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Tag Archive: fenders

Mandy Fender

We normally don’t do kickstarter campaigns, but we love bamboo and this company has this really unique way of setting up your own bamboo fenders, it’s called the Mandy Fenders.

mandy fender

The Mandy Fender is a sustainable bicycle fender that enhances the functionality and aesthetics of any bicycle:
Versatile and interchangeable: The Mandy Fender is the most versatile bike fender ever designed. It fits on nearly every type of bike design: You no longer need a different bike fender for each bike you own.
Easy to install: The Mandy Fender comes with all the parts and tools you need. With a simple video tutorial and a clear instruction manual, anyone can install the Mandy Fender in 30 minutes or less.
Tough and functional: Designed and made from bamboo, the Mandy Fender is light, durable and weather resistant. The mounting hardware consists of both 304 stainless steel and chrome-plated parts.
The Mandy Fender is made with a layer of memory film that allows them to retain its shape. It can be reshaped to fit onto a different bicycle using hot air (from a hair dryer). It is also designed to withstand harsh weather conditions such as snow and mud.

Do you need your accessories to match?

I’ve always been a fan of matching accessories on a bicycle. Take this photo for example. Fenders, racks, pedals, and chain guard pretty much match everything else on the bike.
commuter bike
But when I see this, I immediately think that I might worry too much about leaving a beautiful machine at a bike rack at the office where I can’t see it for hours at a time.
IMG_4007
My old Redline commuter bike was unassuming, it had a grey/black color scheme and I even uglified it just to deter thieves from trying to take it. So I’m curious to know what are you thoughts, do you dress up your bike to look as good as this specimen, or do you dumb it down to detract attention from it. Or perhaps you have a bike like this and you consider it your “going out” bike. Something you use when you’re out getting coffee or grabbing a bite to eat at the local sandwich shop where you could still keep your eyes on it.

Friday Musings: Skunk Stripe

skunk stripe

The common variety of this bike commuter species is known as a "Skunk Stripe"

Buenos días de Costa Rica once again lindisimos Bike Commuters! In honor of Friday and my stream of consciousness blog-barfing, I decided to muse on the unusual phenomenon that is the Skunk Stripe – prevalent throughout the downhill aguacero commutes of Turrialbeños.  As I am (gasp!) shamefully still bikeless for over a month now, I’ve been forced to commute by foot.  However, I’ve turned each bout of foot commuting into an opportunity to practice my new hobby… Similar to the popular hobby of bird watching (a.k.a. “birding” for short), I like to call my newfound sidewalk speculation bike watching (a.k.a. “biking”).

bike watching

Bike Watching - on the lookout for Skunk Stripes!

In my biking adventures here Ive spotted a resurgence of skunk stripe bikes in this rainy season! It seems that fenders here area luxury not afforded by most Turrialbeños… Other varieties of skunk stripes can be seen migrating through the Central Valley this winter such as the yellow-tail poncho, and the umbrella crest.

Bike rider in yellow raincoat

Costa Rican Yellow-tail poncho bike spotted by flostof.

Bike and Umbrella, Costa Rica

And the Umbrella Crest variety captured by gimblett.

We’ve reviewed quite a few different types of fenders on our site, (see herehere, and even here for rooster tails).  So let’s put together a basic breakdown of all things fender fantastic for any rookie winter riders – ticos or otherwise- who want to say adios to the skunk stripe.  Let the winter bike commuting begin!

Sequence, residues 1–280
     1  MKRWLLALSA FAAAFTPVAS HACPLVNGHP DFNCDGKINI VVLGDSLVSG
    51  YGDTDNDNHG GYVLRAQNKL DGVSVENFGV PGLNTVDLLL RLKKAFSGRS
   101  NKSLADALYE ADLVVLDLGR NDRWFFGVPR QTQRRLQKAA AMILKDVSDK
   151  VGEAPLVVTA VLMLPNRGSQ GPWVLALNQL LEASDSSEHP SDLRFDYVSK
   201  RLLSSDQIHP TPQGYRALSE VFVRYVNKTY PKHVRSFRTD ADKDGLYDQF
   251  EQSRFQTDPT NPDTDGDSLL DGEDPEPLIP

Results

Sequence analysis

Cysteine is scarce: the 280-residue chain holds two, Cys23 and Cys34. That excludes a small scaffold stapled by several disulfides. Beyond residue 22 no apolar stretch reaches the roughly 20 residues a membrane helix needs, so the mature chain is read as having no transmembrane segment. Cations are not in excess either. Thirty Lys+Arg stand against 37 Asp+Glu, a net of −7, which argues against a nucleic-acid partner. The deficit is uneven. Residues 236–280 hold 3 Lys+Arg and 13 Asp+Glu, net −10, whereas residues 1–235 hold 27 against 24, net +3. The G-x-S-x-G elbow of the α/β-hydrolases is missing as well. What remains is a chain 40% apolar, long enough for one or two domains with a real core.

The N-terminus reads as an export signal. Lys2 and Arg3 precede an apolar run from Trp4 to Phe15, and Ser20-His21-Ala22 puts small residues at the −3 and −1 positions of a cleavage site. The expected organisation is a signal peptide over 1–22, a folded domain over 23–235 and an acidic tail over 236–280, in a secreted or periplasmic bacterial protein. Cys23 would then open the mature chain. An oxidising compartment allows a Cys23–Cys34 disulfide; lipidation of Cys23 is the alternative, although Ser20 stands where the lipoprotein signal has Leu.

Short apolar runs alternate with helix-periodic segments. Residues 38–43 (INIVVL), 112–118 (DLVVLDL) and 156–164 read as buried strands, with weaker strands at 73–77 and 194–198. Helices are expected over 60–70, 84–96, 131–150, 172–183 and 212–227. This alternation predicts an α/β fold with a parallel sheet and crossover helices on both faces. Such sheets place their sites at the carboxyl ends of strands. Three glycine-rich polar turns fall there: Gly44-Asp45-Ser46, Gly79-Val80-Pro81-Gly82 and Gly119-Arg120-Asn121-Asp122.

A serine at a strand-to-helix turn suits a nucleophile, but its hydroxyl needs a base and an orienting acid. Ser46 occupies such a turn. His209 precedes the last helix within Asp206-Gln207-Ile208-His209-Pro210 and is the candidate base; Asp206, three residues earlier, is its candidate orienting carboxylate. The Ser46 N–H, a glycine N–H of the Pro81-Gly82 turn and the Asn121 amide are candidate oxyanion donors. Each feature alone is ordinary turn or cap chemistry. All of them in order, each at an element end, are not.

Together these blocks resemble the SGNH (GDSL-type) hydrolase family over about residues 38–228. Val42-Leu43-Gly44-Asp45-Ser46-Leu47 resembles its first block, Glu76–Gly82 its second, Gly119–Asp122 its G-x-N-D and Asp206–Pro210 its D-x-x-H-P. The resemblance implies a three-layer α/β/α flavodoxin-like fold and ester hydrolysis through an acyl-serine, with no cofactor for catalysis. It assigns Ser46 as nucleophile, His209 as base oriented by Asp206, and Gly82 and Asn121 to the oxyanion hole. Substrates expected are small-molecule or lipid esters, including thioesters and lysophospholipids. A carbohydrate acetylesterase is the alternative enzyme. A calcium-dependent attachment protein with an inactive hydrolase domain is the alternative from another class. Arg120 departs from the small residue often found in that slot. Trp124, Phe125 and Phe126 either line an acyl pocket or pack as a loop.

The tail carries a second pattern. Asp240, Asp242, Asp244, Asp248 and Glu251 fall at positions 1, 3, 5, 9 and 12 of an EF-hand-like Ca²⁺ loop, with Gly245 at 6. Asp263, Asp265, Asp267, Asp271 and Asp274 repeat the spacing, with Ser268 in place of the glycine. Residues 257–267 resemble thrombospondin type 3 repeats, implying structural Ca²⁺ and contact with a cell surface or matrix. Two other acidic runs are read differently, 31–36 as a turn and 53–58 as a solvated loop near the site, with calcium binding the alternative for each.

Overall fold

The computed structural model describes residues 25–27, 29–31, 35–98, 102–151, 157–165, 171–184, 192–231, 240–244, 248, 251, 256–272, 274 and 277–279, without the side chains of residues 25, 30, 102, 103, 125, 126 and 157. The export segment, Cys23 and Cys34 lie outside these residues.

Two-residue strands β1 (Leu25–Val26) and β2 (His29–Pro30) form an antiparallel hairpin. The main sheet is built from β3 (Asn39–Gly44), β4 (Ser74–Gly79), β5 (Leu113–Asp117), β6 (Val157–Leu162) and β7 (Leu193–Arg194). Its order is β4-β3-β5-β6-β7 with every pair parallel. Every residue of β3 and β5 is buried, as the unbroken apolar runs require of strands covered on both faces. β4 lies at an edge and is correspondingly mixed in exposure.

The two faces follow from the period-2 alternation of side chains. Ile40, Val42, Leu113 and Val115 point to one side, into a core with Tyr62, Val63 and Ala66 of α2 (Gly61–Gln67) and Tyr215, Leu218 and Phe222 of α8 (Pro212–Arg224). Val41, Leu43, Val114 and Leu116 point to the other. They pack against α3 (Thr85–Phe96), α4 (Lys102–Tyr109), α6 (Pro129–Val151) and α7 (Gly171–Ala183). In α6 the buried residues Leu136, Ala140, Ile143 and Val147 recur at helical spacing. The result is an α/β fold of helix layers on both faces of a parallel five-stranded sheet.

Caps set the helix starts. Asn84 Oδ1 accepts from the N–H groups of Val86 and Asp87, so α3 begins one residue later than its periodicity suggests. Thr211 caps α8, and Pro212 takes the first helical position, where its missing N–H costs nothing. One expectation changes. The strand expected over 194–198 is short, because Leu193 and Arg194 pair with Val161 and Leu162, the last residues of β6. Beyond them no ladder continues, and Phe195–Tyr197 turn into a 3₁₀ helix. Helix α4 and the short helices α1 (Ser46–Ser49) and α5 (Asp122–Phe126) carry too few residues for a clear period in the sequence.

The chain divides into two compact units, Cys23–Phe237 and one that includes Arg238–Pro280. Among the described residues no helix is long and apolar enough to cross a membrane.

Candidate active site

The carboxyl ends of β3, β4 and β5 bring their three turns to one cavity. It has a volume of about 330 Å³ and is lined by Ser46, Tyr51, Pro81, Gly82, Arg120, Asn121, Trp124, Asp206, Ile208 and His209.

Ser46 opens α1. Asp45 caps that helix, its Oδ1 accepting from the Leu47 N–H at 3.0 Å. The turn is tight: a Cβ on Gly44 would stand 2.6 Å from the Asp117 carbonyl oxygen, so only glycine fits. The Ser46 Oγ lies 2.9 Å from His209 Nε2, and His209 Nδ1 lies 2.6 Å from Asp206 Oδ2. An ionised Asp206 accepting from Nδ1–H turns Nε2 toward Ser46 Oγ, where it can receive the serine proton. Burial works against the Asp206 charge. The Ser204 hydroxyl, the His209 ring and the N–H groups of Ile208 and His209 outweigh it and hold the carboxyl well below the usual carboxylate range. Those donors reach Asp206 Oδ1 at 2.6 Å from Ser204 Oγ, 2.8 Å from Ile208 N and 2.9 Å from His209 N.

Screen shot 2012-11-30 at 10.16.32 AM

DIY Fenders – for the third world countryman in you!

For those of us with more time than dimes, check out Ghost Rider’s DIY po-boy Fender project here.  DIY Fenders can be customized to fit your needs and can washed away that skunk stripe with some bent aluminum, corrugated plastic, a can of spray paint.  This tutorial is a great option for some road bikes that don’t come with fender mounts built into the frame.

Ghost Rider's DIY po boy fender

Ghost Rider's DIY po boy fender

Clip-on Fenders – great for muddy commutes

Clip-on fenders could be a good option for muddy commutes or bikes without fender mounts build into the frame.  The idea is to protect the rider from the water or mud from the top of the bike: front fender can mount via the steer tube and rear fender can mount via the seat tube.  Since there is plenty of clearance between a clip-on fender and the wheel, you won’t have a problem with mud jamming up underneath.  Prices can range between $20 -$50 for a set.  They also make removable clip-ons like these in case you’d like to groom your fender plume regularly.  To do away with the skunk stripe on your roadie, take a look at this article for other clip-on options.

clip-on fenders

rendoza's commuter clip-on fender setup

Full-Coverage Fenders – staying high and dry

Full coverage fenders get the best coverage for any rider who is encountering lots of rain this season.  They mount onto fender stays that are usually built in to the frame of touring, hybrid, or bike frames targeted towards utility cycling.  I used to commuter on my Kona Dew with a pair of yellow planet bike full fenders.  They kept me dry through the Seattle winter and I was never caught with a skunk stripe like those tricksy hipsterses on fenderless fixies…  The only problem with full fenders is they can require frequent adjustments to keep from rubbing on the wheel – if you will be cramming your bike into car trunks or cinching the front wheel on a bus rack, you may be better off with the clip-ons and wet legs.

Raiyn Storms fender setup

Raiyn Storm's full-on fender setup

So, dear Bike Commuters, do you rock the skunk or do you skip the stripe with a pair of fenders?  Why or why not?  Post to the comments box if you have any DIY tips for readers, or other fender ideas to share…!  Muse on and enjoy your weekend!

!!Mamachari!! – Undeniably Cool Utility Bikes in Japan

(Let's hope this is actually in Japanese)

Kon’nichiwa (こんにちは) Bike Commuters!  All around the world, it seems there are micro-cultures and macro-cultures of bike commuters and their preferred two-wheeled breeds of choice.  Dutch city bikes, single speeds and fixies, fendered beach cruisers, ghetto-rigged MTBs, folding bikes, electric-assist, road bikes and the like…  Going along with my love for all things cute and AZN (that’s my college sorority – Alpha Zeta Nu, we luv yoooo!) I have developed an internet stalker crush after Japanese MAMACHARI bikes!  Oh Mamachari, where have you been all my life and why have I never found you until now in my Google search results?  Apparently, there are all kinds of blogs out there for the originally women-specific bike, tailored to child/dog/grocery-toting around Japan.  Let’s take a looksy: